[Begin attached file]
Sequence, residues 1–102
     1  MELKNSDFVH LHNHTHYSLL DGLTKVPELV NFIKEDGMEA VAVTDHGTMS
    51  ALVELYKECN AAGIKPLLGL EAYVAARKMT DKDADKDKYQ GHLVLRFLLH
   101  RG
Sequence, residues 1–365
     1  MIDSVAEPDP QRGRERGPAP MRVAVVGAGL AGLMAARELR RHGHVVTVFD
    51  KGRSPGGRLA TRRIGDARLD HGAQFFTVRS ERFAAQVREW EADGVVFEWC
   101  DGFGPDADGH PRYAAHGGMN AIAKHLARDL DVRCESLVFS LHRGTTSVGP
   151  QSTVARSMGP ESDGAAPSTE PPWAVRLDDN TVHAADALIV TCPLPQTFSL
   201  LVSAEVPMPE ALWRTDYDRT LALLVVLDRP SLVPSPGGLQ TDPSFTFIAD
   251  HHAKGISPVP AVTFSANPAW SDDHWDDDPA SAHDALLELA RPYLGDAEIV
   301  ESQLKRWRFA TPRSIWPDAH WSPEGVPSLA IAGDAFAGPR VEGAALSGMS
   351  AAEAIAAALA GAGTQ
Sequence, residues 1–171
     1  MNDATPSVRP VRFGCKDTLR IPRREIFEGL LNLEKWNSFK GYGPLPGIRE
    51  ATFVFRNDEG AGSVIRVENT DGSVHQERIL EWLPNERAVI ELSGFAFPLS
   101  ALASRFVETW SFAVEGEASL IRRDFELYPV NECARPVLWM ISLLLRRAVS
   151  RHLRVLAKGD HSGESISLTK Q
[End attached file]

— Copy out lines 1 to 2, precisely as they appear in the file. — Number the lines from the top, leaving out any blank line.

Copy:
Sequence, residues 1–102
     1  MELKNSDFVH LHNHTHYSLL DGLTKVPELV NFIKEDGMEA VAVTDHGTMS